A Dance Date Is the New Swipe Right on 'Flirty Dancing'

by Kristyn Burtt | 1/7/2020 2:48 PM

Photo credit: Michael Becker / FOX.


Flirty Dancing roared onto the reality TV scene on one of the last days of 2019. The dance-dating show was coming off of a strong lead-in, thanks to FOX's NFL show, The OT, and the curiosity factor of how a dance date would work.

 

On the first day of 2020, Flirty Dancing nestled into its regular time slot on Wednesdays with its second episode and lower ratings. The New Year's Day holiday and the fact that there were two episodes in one week might have thrown the viewing audience off.

 

More: Tyce Diorio Finds Magic in Playing Cupid on 'Flirty Dancing'

 

The show has a lot of heart and that is what made the series a huge success in the U.K., where it is in its second season. The U.S. version did switch up the format by making Flirty Dancing a competition. This may be the one element that doesn't necessarily work with the show.

 

Host Jenna Dewan sets up a person looking for love with two dancing dates. Each potential love interest represents something different personality-wise and the style of dances changes — from upbeat to romantic.

 

They are then paired up with a top-level choreographer to help play matchmaker. So far, audiences have seen Travis Wall, Tyce Diorio and Kathryn Burns. In the third episode, Dancing with the Stars veterans, Val Chmerkovskiy and Sharna Burgess are up on deck.



More: Get To Know Jenna Dewan, Host of Fox’s New Show ‘Flirty Dancing’

 

Viewers get to see the struggle of learning choreography and the fact that movement doesn't always come easy to people. And even if they pick up the number quickly, the thought of pouring emotion into a dance with a stranger can be a bit awkward.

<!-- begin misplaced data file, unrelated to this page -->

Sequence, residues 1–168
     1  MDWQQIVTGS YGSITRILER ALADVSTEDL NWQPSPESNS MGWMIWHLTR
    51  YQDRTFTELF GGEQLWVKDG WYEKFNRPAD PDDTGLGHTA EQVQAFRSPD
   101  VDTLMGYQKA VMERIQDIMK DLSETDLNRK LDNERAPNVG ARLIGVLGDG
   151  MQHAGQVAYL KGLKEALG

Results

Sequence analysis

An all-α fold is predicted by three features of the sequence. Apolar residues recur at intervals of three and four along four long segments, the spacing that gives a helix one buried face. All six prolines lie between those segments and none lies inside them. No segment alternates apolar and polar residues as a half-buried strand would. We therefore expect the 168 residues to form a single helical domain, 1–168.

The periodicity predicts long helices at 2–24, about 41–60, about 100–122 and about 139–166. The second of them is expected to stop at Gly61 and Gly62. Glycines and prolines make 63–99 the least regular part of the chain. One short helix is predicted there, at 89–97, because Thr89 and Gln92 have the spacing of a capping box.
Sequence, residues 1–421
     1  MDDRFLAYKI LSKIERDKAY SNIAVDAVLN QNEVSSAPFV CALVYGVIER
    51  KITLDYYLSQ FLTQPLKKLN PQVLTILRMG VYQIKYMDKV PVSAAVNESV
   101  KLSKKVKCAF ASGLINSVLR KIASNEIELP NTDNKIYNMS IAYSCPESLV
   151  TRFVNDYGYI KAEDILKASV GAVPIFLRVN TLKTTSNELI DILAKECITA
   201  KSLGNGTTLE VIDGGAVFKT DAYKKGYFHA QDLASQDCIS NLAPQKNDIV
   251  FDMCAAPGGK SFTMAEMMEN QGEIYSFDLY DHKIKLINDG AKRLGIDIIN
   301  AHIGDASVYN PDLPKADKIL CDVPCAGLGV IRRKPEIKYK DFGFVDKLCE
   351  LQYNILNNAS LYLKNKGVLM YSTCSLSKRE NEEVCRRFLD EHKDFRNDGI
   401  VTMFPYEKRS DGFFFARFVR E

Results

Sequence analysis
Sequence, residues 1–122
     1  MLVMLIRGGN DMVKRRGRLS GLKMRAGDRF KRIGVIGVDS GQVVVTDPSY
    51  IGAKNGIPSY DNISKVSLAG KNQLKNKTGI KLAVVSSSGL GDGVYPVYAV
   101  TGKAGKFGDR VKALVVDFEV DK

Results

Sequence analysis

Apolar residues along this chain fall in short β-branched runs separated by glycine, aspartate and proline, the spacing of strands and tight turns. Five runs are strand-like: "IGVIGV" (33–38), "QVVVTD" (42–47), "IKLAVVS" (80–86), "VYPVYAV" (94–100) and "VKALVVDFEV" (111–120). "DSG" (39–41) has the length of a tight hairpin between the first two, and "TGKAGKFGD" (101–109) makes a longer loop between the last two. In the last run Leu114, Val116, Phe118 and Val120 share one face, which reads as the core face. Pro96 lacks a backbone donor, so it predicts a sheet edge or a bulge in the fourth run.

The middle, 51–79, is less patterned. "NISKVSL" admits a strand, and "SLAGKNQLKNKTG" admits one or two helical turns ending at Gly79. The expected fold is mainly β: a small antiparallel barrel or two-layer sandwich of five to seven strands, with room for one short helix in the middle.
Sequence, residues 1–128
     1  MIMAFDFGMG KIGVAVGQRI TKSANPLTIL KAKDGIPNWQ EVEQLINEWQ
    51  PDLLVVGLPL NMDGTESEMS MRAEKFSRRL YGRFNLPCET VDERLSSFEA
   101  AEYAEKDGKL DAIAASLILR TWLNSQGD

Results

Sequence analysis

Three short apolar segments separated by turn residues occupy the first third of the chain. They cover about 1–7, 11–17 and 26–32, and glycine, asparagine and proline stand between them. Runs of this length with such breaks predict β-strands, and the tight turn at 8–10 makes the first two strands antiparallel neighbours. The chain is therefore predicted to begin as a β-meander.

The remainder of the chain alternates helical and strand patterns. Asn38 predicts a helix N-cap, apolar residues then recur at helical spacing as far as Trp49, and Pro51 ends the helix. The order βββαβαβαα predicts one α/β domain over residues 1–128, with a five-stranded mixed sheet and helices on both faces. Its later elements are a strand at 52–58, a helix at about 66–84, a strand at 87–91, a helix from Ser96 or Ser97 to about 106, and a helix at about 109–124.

The magic happens when the couple sees each other for the first time and their dance gets the cinematic La La Land treatment at epic Los Angeles locations like the Hollywood Bowl or the Santa Monica Pier. Based on the first two episodes, the romantic dance has won 75% of the time. The slower dances force the intimate moments more, so the dopamine reaction is palpable. The contestant with the upbeat song almost doesn't stand a chance.

 

While both dances give the viewers a real thrill of dance and connection without words, the show does end on a downbeat since one of the contestants won't get to meet the person they danced with. The competition takes that away from them if they don't get chosen.

 

Watch: Dance Network’s Interview with Kathryn Burns from the Set of ‘Flirty Dancing’

 

In Season 1, Flirty Dancing has promised a show featuring body positivity, interracial dating and a wide variety of ages, but the one thing they won't be touching on is same-sex partnerships. The U.K. version has been very successful in this arena with a clip even going viral late last year.


Executive producer Mike Yurchuk told The New York Times that the “limited run” of Flirty Dancing did not allow time for it in Season 1. It's hard to believe that reason when there are six episodes in total, but Yurchuk promised it was a priority if the show gets a second season.

While apps and technology of swiping left and right might be less time-consuming in a busy world, taking dating back to the dance floor, where many prior generations met their mates, might be the purest way. If the Flirty Dancing leads to a marriage or two, it might also prove that love on the dance floor is the connection we all need in our lives.


Don't miss Dance Network's 'To The Pointe' interview with 'Flirty Dancing' choreographer, Tyce Diorio: 



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